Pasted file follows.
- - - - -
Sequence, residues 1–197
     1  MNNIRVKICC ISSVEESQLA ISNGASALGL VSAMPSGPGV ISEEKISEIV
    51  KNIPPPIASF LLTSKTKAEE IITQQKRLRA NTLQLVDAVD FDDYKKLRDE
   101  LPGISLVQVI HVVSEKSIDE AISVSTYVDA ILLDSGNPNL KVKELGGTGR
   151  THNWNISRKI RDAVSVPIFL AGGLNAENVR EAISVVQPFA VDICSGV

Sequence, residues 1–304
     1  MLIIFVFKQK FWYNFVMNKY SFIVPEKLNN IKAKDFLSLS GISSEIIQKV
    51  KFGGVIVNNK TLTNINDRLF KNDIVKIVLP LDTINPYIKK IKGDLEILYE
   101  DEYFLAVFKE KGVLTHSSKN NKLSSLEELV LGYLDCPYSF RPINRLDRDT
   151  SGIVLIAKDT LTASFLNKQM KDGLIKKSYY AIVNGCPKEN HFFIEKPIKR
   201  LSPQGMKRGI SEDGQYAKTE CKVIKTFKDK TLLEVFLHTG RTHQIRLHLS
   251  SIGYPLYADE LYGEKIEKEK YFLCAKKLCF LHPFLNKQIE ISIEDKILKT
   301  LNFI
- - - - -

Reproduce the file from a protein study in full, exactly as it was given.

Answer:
Sequence, residues 1–197
     1  MNNIRVKICC ISSVEESQLA ISNGASALGL VSAMPSGPGV ISEEKISEIV
    51  KNIPPPIASF LLTSKTKAEE IITQQKRLRA NTLQLVDAVD FDDYKKLRDE
   101  LPGISLVQVI HVVSEKSIDE AISVSTYVDA ILLDSGNPNL KVKELGGTGR
   151  THNWNISRKI RDAVSVPIFL AGGLNAENVR EAISVVQPFA VDICSGV

Sequence, residues 1–304
     1  MLIIFVFKQK FWYNFVMNKY SFIVPEKLNN IKAKDFLSLS GISSEIIQKV
    51  KFGGVIVNNK TLTNINDRLF KNDIVKIVLP LDTINPYIKK IKGDLEILYE
   101  DEYFLAVFKE KGVLTHSSKN NKLSSLEELV LGYLDCPYSF RPINRLDRDT
   151  SGIVLIAKDT LTASFLNKQM KDGLIKKSYY AIVNGCPKEN HFFIEKPIKR
   201  LSPQGMKRGI SEDGQYAKTE CKVIKTFKDK TLLEVFLHTG RTHQIRLHLS
   251  SIGYPLYADE LYGEKIEKEK YFLCAKKLCF LHPFLNKQIE ISIEDKILKT
   301  LNFI